Students showcase robots
Rachel O'Grady | Monday, April 13, 2015
The Compton Family Ice Arena was abuzz Sunday afternoon as more than 100 students and professors showcased their robots for the fourth annual National Robotics Week event.
“This event is really great because it allows the community to come in and see the work and research being done at Notre Dame, so even though it looks like just a lot of robots, there are actually a number of areas that we focus on,” graduate student Cory Hayes said.
Hayes worked on a robot which can interact with people using gestures, utilizing Microsoft’s Kinect program.
“We’re really focused on the communications aspect of robots, and making communications between robots and humans a little more natural,” Hayes said.
According to Hayes’s research, making communication smoother can lead to safer practices in healthcare, specifically when robotics are used in surgery.
“There are a bunch of different subsets for robots, and we really like letting the community see the research we’ve been doing,” Hayes said.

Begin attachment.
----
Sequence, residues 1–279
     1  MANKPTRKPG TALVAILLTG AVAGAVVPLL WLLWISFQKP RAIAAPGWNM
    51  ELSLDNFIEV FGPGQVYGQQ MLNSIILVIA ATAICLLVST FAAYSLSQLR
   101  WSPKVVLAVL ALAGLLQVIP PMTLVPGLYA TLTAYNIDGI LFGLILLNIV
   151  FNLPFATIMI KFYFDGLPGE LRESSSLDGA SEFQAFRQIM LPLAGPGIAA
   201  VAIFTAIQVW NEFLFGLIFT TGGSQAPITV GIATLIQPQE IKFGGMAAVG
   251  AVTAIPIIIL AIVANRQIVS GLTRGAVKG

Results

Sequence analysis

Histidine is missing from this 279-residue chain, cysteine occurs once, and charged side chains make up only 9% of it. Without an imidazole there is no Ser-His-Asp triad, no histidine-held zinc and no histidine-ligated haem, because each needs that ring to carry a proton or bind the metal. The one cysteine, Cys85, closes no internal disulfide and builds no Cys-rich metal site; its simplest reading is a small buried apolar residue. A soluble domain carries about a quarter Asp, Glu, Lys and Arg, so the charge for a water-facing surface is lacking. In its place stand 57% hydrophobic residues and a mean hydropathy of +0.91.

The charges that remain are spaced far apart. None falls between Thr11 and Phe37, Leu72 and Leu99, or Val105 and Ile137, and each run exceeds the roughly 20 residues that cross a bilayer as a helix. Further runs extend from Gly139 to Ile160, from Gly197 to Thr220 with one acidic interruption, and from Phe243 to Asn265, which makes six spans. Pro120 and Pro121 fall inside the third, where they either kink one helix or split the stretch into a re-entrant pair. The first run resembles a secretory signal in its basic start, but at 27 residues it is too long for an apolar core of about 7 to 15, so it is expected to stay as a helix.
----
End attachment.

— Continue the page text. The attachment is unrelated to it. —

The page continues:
In another booth at Compton was a programmable ‘puppy,’ which was able to bark, come, sit and dance.
“Our robot is named RoboPup, and it can do a variety of commands. Depending on where the kids are standing in relation to the robot, that’s how it knows what to do,” senior Nicole Mariani said.
During Mariani’s demonstration RoboPup spun around the ‘pen’ until it detects a person. Upon detection, RoboPup mimics the action according to the programmed commands when facing the direction of the person in a the designated part of the pen.
For example, if you wanted the dog to dance, you would stand in the ‘dance’ section of the pen and do any sort of dance, and the dog would dance with you, according to the information provided by the researchers.
“This particular project actually took us about a couple of weeks, maybe a month to do,” Mariani said.
Focused on making robots that were more humanlike to aid autistic children, juniors Carina Suarez and Xinhuan Ying showcased a robot they programmed from Aldebaran Robotics, a company that manufactures and markets humanoid and programmable robots.
“Aldebaran gives us the robots, and then we program them. We basically had the semester to figure out how to do this … it’s a big task, but it’s really fun,” Suarez said.
Suarez said the robot’s ability to interact with people is a unique feature, and it’s particularly useful in programming the robots to work with autistic kids.
“They look vaguely humanoid, obviously,” Suarez said. “They can hear, they can speak, they have touch sensors, so it’s really helpful for kids with autism so they can interact, which is really neat.”